In my opinion, one of the biggest challenges tech marketers struggle with is really understanding what content is most helpful to their buyers.

In a vacuum, most resort to MSU’ing or Making Stuff Up, and it’s one of the most dangerous things any marketer can do.

Let’s look at the negatives of MSU’ing:

  • Realizing it’s harder to close deals because your buyers aren’t getting the information they need
  • Sinking feeling your marketing isn’t addressing buyers’ true pain points
  • Spinning your wheels coming up with campaigns that don’t hit the mark
  • Wasting budget and time creating marketing deliverables that fall flat
  • Resorting to saying the same thing as everyone else in your industry, so your marketing isn’t differentiated

I think we’ve all been there, right?

The answer? Interviewing your buyers

Only your buyers can tell you the kind of information that’s helpful to them in a buying cycle. And that means interviewing them. By assigning your team the responsibility to interview buyers, you’ll have the information you need to confidently create effective marketing content.

The benefits of conducting buyer interviews include:

  • Helps you know, with certainty, what marketing content to create (and NOT create) that actually helps your buyers understand your solution and, in the end, closes deals
  • Makes marketing MUCH easier as you realize exactly what your buyers need
  • Focuses on empathetic marketing – delivering information that helps rather than focusing only on selling
  • It’s easier to justify the budget for marketing activities because you have the specific knowledge of what your buyers require to educate themselves about your solutions

Why can’t I leave this up to product marketing?

Now I know what you’re thinking: Our product marketing team already does this, why can’t I just leave it to them?

My answer is that product marketing has a different focus than you do. One of the areas they’re responsible for is understanding the reasons prospects buy your solutions and the messaging that resonates with them (which, of course, benefits your team greatly).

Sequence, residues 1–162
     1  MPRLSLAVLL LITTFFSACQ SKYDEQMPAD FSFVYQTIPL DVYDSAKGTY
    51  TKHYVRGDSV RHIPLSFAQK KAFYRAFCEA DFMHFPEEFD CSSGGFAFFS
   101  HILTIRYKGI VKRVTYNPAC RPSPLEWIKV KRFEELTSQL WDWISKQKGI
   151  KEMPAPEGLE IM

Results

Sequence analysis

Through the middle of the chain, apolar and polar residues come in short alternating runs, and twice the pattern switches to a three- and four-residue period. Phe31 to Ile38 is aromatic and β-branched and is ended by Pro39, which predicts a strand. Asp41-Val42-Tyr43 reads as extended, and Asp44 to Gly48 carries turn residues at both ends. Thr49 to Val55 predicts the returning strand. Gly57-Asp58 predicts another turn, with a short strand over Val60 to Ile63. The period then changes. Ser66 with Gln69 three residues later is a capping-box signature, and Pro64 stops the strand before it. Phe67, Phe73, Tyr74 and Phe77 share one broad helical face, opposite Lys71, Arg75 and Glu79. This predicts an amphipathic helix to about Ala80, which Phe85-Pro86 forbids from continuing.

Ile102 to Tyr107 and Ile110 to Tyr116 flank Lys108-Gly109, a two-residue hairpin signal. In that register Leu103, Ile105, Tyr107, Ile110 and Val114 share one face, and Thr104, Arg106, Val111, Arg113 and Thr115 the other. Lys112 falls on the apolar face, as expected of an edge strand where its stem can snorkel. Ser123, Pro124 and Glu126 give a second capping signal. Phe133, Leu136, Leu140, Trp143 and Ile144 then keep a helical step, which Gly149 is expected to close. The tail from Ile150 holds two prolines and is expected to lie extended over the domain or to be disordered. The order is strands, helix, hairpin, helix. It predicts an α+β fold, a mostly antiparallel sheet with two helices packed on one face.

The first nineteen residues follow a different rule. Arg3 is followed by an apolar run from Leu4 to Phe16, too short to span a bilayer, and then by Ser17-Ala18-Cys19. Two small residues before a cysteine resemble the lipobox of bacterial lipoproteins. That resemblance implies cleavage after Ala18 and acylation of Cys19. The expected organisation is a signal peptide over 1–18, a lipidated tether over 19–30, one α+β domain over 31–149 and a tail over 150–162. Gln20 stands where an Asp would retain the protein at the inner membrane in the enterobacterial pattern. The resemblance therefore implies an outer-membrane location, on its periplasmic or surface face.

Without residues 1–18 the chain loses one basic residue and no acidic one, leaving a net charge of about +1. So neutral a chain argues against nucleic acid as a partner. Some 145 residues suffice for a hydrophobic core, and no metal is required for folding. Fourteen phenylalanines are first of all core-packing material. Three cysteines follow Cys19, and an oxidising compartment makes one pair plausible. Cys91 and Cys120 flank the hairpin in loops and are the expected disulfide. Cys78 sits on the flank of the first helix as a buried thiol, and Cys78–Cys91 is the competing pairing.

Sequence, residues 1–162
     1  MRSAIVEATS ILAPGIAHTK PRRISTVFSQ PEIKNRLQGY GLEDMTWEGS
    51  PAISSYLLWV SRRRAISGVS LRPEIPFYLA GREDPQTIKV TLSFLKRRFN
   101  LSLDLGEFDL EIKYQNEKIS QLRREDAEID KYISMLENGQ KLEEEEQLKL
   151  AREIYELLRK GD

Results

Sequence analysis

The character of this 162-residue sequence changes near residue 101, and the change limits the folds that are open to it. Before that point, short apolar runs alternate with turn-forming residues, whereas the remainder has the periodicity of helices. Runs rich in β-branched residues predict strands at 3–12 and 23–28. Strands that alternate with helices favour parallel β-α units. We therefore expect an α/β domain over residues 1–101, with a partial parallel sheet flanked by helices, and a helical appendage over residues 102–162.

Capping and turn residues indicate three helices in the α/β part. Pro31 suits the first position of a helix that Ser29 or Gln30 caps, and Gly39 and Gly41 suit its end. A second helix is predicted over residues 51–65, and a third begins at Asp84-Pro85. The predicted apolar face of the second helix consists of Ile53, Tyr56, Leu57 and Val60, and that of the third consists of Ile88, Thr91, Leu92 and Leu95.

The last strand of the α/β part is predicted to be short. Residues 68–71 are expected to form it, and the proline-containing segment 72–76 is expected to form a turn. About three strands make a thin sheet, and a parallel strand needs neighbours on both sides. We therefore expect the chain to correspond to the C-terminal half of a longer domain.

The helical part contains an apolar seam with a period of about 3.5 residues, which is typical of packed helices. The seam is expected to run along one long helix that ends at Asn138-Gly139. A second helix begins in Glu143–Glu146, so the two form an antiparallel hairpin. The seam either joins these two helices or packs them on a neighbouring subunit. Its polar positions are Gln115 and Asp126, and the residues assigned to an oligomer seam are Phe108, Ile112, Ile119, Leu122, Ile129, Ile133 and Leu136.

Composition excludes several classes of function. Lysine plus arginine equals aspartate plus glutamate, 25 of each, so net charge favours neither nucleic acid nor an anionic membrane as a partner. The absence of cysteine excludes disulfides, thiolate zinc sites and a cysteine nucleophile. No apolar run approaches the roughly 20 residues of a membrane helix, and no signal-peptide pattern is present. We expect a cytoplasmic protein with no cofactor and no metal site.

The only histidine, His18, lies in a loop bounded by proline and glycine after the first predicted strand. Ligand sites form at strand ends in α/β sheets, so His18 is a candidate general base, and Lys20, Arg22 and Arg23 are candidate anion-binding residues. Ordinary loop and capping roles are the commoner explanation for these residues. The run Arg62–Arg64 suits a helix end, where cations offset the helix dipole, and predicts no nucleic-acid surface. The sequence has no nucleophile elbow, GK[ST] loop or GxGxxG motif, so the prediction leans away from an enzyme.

But product marketing isn’t normally focused on what content resonates best with buyers. Or which types of content are most helpful for each stage of the sales cycle. Or why certain content generates more leads or downloads than other pieces.

This really needs to be something your team does in conjunction with product marketing’s research – you’ll be able to tailor the research to your unique information requirements.

Ideas to get started

Dani Wolf, Director of Demand Generation at Cybersixgill, regularly interviews C-level executives at cybersecurity companies and has learned a ton about how they want to buy, what vendors do that irk them, what they WISH vendors would do instead, etc.

Her process is a bit unique, because she’s interviewing these execs for her podcast series called “Audience First,” but it can be adapted for your purposes, too.

I asked her how she goes about recruiting interviewees and here’s what she shared:

  1. I make a list of guests I want to have on my podcast show.
  2. I check who has a connection to some of my close friends in the LinkedIn community.
  3. I reach out to them on LinkedIn explaining that I want to do better as a marketer and get some feedback from them.
  4. I send them the questions ahead of time and ask if they are in or out.
  5. I schedule based on their availability and send them a link to my calendar (via Calendly) if they want to plug in time on their own.

The part I love the most about Dani’s process is #3 – assuring the potential interviewee that you’re trying to learn and do a better job as a marketer. If you say that sincerely, it really helps build your credibility. You’re inviting them to give you their honest feedback, which might mean you’ll get an earful about what drives them crazy about tech companies’ marketing, but it’s all useful information.

You might be wondering if Dani also offers an incentive, such as a gift card, to entice potential guests to talk to her. She doesn’t, although I don’t think that’s a bad strategy. I’ve done that in the past, and it does improve response rates.

Next steps

If you’d like your team to start interviewing buyers and aren’t sure how to get started, send me a quick note and let’s chat about how I can help,